Participating in Protest in front of a liqour shop cannot make one guilty of Criminal Offence, instead it is a Fundamental Right and Fundamental Duty; Madras HC [Read the Judgment]

Participating in Protest in front of a liqour shop cannot make one guilty of Criminal Offence, instead it is a Fundamental Right and Fundamental Duty; Madras HC   [Read the Judgment]

The Madras High Court has directed the Bar Council of Tamil Nadu and Puducherry to enrol a law student ,whose application was rejected on the ground of the pendency of a criminal case against him. The Court held that the mere fact that an individual is part of a group, which stood before a TASMAC shop and shouted slogans, cannot make them guilty of a criminal offence, the Madras High Court held on Tuesday.

The Division Bench of Justice V Ramasubramanian and Justice K Ravichandra Babu passed the direction on a writ petition moved by R Nagendran, whose application for enrolment was not entertained by the Bar Council of TN and Puducherry on account of pendency of a criminal case.

Nagendran completed a three-year law degree course from the Government Law College, Coimbatore in May 2014. The student R Nagendran, while undergoing the course, had participated in an anti-liquor protest in Coimbatore in 2014. He, along with 23 others, was cited as "accused of unlawful assembly." Charge sheet in the case had been filed and the trial was yet to commence. Also there was no allegation in the FIR that Nagendran indulged in any violent form of protest or any activity that was likely to cause damage to public property. Moreover, they were arrested and let out in the evening after registering an FIR.

Justice V Ramasubramanian said, "One of the ideals of our Constitution is to raise the level of nutrition and the standard of living of the people of the country and the improvement of public health. The protest/demonstration organised by the group of students, including the petitioner, was actually towards fulfilment of this fundamental duty”.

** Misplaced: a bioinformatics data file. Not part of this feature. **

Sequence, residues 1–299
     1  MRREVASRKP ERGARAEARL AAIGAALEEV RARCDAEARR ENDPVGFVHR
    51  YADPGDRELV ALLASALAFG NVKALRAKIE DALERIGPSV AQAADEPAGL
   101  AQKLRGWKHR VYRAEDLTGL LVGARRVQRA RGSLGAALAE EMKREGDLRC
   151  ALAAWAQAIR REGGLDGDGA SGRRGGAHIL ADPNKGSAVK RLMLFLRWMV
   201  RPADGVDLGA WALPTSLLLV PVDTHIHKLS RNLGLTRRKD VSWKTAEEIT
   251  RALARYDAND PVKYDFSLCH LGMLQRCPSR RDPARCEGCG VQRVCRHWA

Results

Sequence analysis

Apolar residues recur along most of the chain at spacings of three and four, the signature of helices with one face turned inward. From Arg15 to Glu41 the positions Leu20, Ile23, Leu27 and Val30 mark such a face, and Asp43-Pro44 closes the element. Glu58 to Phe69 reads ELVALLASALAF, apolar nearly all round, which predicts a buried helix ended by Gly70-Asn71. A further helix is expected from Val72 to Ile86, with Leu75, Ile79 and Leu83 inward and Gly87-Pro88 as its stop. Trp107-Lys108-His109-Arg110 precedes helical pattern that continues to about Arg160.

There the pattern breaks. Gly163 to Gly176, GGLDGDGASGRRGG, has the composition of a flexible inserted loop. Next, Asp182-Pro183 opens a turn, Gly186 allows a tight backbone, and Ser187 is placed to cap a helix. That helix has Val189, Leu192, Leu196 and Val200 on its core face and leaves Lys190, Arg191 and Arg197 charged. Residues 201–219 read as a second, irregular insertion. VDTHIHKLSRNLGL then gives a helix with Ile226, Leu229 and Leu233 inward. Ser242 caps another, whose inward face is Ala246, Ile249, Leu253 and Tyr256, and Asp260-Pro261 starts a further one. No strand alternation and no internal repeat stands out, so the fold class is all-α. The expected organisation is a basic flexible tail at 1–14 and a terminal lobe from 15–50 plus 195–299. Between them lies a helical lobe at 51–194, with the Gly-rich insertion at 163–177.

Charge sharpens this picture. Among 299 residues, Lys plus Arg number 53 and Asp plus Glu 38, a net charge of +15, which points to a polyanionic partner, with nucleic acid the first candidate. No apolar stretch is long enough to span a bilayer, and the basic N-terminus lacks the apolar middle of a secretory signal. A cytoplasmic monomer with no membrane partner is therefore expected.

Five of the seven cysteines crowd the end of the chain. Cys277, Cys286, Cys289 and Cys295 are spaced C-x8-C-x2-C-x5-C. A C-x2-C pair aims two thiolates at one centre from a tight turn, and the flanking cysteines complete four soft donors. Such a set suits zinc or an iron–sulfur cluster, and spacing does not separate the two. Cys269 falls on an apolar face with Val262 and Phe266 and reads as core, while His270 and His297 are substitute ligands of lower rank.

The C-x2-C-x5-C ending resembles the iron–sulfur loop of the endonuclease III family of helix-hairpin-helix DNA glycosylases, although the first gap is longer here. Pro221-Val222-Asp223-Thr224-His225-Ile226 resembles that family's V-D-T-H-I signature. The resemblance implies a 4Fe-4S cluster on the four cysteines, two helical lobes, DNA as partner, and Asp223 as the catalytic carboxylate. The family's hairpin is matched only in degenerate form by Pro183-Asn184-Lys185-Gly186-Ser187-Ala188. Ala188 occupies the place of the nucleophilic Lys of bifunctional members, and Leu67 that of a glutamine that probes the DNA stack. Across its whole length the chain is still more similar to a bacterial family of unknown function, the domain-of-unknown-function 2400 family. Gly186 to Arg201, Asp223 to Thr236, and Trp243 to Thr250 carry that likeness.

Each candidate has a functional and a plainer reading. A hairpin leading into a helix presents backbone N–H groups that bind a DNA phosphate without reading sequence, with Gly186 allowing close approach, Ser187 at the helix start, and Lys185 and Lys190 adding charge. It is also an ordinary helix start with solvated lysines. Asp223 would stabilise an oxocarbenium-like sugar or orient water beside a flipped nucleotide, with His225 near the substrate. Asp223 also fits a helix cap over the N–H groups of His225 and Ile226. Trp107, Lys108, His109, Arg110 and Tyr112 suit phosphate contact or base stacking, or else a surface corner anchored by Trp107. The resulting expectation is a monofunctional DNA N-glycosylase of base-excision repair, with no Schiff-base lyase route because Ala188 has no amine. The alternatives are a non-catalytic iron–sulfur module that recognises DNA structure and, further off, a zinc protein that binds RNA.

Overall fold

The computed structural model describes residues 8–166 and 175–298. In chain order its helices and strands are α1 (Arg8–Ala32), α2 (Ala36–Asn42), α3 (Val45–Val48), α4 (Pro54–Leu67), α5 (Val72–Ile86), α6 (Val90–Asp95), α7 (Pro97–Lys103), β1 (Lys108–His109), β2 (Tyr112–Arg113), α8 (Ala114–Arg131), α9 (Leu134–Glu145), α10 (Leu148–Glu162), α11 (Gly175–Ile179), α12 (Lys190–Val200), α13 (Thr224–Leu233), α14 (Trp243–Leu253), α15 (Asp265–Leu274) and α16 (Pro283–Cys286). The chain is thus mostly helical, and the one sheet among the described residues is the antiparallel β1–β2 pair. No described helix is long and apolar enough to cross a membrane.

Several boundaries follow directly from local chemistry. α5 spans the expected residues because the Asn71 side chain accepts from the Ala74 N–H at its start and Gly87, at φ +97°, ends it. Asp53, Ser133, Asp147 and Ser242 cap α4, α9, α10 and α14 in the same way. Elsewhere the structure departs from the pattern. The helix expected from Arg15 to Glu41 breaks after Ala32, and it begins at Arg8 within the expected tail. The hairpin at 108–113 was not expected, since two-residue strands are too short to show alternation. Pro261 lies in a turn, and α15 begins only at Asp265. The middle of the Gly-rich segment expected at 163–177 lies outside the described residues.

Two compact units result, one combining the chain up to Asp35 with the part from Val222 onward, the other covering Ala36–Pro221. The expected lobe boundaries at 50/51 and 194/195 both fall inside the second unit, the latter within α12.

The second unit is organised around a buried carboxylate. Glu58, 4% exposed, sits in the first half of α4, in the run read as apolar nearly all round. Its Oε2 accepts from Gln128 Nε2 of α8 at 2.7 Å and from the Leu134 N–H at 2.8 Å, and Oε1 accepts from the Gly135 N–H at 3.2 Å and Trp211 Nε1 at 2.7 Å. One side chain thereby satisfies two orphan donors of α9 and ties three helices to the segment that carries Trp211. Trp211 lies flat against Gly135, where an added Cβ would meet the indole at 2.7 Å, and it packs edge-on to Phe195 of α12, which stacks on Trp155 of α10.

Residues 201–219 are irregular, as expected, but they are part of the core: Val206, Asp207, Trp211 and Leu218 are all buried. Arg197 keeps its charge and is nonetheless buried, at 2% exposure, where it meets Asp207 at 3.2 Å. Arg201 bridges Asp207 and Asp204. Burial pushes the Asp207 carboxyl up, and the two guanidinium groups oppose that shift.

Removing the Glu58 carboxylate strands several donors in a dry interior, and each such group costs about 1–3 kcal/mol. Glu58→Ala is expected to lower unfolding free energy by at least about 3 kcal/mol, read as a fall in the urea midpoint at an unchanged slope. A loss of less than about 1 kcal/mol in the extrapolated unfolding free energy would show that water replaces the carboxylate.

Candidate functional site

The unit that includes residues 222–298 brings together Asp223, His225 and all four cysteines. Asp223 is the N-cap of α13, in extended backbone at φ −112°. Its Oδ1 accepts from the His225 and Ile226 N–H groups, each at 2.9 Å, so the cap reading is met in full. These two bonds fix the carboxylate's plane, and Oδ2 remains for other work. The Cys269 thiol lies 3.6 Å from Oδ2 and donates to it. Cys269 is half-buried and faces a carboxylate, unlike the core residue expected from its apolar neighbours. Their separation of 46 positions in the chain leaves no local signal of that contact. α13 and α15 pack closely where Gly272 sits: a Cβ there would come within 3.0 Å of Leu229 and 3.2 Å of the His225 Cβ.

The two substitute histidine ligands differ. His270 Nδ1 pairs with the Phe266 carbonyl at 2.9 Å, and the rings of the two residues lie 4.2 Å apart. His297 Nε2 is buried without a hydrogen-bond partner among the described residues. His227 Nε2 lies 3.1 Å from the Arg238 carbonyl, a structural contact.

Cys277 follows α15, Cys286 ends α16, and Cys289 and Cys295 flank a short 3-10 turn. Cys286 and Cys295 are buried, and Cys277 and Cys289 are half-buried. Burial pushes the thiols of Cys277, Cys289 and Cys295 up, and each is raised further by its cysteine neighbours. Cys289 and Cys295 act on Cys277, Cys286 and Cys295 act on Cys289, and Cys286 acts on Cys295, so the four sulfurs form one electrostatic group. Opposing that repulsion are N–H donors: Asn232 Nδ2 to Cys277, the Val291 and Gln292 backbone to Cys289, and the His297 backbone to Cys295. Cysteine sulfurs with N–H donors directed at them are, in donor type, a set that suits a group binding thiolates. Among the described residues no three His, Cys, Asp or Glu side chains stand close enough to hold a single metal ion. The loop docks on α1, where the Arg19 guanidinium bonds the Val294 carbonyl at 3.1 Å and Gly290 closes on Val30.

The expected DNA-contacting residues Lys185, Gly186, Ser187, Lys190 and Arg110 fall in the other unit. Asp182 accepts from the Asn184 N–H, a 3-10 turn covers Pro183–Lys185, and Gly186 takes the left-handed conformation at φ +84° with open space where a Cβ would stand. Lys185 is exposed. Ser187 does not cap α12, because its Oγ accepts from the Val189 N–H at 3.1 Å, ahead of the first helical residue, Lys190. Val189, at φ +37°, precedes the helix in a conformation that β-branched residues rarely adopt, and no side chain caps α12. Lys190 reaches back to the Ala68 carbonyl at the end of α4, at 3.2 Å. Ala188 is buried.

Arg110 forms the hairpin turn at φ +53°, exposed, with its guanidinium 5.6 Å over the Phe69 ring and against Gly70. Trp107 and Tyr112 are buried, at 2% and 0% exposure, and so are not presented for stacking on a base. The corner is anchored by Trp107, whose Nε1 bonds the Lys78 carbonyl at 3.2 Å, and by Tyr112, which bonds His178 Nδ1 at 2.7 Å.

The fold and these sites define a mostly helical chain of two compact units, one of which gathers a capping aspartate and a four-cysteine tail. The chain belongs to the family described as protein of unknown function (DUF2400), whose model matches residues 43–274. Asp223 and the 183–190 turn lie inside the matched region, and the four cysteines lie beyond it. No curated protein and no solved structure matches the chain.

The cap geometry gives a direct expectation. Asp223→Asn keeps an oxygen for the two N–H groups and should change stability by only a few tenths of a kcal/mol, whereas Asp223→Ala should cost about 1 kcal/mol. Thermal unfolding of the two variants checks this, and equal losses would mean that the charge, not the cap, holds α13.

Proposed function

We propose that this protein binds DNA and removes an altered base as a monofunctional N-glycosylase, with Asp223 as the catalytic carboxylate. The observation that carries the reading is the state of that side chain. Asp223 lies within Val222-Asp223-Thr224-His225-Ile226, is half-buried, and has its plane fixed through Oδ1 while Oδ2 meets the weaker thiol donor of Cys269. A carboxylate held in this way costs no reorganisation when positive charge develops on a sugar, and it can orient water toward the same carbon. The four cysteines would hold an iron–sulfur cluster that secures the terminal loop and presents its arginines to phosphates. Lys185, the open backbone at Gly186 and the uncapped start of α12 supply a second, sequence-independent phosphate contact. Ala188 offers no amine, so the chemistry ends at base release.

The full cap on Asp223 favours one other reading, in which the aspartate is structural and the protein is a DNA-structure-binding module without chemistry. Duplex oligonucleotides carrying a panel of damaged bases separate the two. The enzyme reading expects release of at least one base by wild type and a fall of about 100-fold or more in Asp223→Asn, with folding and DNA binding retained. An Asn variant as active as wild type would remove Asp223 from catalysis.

A careful consideration of the order shows that the concern expressed by the judge was with regard to anti-social elements and persons with criminal antecedents trying to enter into legal profession, with a view to having protective gear around them.  Therefore, the prohibitory order needs to be understood in the right perspective and could not be applied blindfold to all types of cases.

"The mere fact that he was part of a group which just stood in front of a liquor shop and shouted slogans, without anything more, cannot make him guilty of an offence, as they were only exercising their fundamental right under Article 19(1)(b) and performing their fundamental duty under Article 51-A for impressing upon the State the need to follow the Directive Principle of State Policy enshrined in Article 47," the bench said.

Pointing out that the cause taken up by a law graduate by way of demonstration was both laudable and noble; the Madras high court directed the Bar Council of Tamil Nadu to process his application for enrollment as an advocate within four weeks.